Daughter of the Pirate King by Tricia Levenseller has pirates and magic. Need I say more?

Our Dark Duet concludes the Monsters of Verity, and it was a fitting ending for a twisted tale about monsters, music, and mayhem.

But what was my all-time favorite read?

Scythe by Neal Shusterman

It was my first time reading Shusterman, and he blew me away. I LOVED Scythe so much I never put it down. It’s brilliant, morally gray, and gory as hell. Scythe answers the question, What happens when everyone begins to live forever? Well, we hire Scythes, of course. You know, people trained to decide who will die. The book follows two scythe apprentices, and everything they go through—including their first deaths and some pretty horrible plot twists—will keep your head spinning. After every chapter, I kept bothering my roommate because I HAD to talk to someone about each and every scene. This book is also a near-future scenario. Scythe released at the end of 2016, so if you’re talking about 2017 releases only, my favorite book was Warcross by Marie Lu.

What were your favorites?

~SAT

 

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#SATurdate: An Ember in the Ashes, A Torch Against the Night, W – Two Worlds, & YALLFest.

27 Aug

What I’m Writing:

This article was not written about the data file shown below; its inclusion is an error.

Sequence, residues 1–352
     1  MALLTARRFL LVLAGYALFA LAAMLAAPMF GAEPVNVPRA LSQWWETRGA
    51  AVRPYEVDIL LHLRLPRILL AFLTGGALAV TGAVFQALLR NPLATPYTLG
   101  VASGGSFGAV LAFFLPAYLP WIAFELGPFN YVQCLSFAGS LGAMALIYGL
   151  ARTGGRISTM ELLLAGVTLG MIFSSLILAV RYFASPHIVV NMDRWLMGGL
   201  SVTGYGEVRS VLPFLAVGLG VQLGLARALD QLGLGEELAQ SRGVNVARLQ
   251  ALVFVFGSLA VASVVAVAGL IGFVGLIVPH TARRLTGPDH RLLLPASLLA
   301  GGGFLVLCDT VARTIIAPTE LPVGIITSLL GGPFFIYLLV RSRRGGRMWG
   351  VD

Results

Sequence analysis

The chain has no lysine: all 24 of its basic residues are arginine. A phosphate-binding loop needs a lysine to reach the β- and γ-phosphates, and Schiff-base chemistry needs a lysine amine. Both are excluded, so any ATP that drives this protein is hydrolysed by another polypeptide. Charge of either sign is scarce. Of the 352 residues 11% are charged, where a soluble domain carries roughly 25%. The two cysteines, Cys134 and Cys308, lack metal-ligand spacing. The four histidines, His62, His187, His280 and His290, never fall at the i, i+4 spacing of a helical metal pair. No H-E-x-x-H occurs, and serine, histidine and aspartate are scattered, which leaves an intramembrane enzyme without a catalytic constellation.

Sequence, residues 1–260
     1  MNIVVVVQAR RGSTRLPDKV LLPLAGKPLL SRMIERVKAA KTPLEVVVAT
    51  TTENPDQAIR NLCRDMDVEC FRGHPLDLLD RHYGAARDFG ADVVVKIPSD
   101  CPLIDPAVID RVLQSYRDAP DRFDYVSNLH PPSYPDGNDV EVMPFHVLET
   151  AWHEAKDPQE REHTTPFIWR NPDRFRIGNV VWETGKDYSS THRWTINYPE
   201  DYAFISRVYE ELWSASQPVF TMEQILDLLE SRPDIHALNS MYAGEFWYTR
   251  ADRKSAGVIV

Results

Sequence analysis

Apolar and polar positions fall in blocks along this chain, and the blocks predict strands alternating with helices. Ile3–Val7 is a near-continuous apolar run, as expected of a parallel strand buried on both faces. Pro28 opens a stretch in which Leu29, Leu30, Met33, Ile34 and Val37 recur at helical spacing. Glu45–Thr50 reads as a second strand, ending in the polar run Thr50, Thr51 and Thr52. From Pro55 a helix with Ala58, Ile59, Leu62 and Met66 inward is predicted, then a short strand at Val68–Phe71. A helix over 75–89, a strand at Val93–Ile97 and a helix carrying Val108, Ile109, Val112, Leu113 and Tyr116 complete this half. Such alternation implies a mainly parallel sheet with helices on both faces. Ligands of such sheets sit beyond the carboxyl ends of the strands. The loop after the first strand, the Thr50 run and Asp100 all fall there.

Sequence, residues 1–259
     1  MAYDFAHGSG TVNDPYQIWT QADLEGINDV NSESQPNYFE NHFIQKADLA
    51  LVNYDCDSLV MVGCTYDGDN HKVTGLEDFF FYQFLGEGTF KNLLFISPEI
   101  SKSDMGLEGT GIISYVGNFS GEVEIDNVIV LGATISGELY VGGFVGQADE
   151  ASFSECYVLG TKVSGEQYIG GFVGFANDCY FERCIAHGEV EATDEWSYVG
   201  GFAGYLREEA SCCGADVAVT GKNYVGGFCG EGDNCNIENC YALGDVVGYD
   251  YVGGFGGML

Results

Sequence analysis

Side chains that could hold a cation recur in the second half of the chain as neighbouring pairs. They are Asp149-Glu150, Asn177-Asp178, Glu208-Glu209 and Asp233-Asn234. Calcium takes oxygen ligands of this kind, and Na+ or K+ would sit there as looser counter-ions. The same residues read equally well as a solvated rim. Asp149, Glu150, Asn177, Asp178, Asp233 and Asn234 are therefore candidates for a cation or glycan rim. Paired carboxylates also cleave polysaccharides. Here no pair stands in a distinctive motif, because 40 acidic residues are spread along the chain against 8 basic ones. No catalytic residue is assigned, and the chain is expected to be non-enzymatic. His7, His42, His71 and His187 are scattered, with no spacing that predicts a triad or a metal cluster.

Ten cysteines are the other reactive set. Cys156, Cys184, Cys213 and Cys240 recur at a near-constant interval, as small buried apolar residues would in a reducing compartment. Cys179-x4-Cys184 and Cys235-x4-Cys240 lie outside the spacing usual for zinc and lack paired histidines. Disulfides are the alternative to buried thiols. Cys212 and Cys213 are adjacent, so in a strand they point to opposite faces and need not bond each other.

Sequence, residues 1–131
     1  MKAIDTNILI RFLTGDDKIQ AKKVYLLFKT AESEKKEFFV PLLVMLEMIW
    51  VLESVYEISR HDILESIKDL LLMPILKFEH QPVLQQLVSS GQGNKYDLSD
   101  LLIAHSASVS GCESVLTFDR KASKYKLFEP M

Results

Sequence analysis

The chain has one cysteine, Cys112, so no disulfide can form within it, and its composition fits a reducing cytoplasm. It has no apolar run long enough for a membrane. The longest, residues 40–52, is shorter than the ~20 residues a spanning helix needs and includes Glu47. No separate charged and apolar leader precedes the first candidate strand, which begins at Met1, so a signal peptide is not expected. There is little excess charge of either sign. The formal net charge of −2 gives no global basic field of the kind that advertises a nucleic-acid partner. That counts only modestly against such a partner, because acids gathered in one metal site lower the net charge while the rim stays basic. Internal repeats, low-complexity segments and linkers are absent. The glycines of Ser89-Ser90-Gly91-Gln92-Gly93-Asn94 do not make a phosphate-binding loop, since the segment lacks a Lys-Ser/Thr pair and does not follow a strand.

Honestly, I’ve put the next Bad Bloods books away for now. Sophia would not shut up, so I spent my writing time obliging her this week. Basically, I wrote in book 3 of the Tomo Trilogy, Take Me Never. I know. I know. Book 1 isn’t even out, so a lot of you have no idea what I’m even talking about, but I will not—and cannot give up—on this girl. She’s loud and stubborn and loves everything just a little too much. I’m 6,179 words in, and since this week’s #1lineWed theme was “work”—this line is from Take Me Yesterday, the sequel to Take Me Tomorrow (which is complete). I promise I will get this series into readers’ hands one day. 😀 I also worked on a brand-new story after researching for a ridiculously long amount of time. But that’s all I’ll say about that book for now. For those of you who follow even my books with only initials as titles, I rewrote the beginning of B, AGAIN. Why? I know I can write B. (B is a contemporary I’ve been attempting for about a month now.) I’m just trying to find my footing with it. I like giving these updates—even if they are crazily obscure—because I think, one day, (hopefully), if one of these books ever gets into the hands of readers, they’ll be able to go back on my website and see the daily grind of it all instead of thinking writing happens overnight. I want to share the journey, so other writers know the journey is the fun part, including the struggles and hurdles and writer’s block and rewrites and little successes. Every writer’s journey is different, but every journey should be fun! Now that I’ve said that, Bogart the cat was my editor this week. I received some awesome feedback from a great lady, and Bogart let me know what he thought via Instagram. Here was that photo series.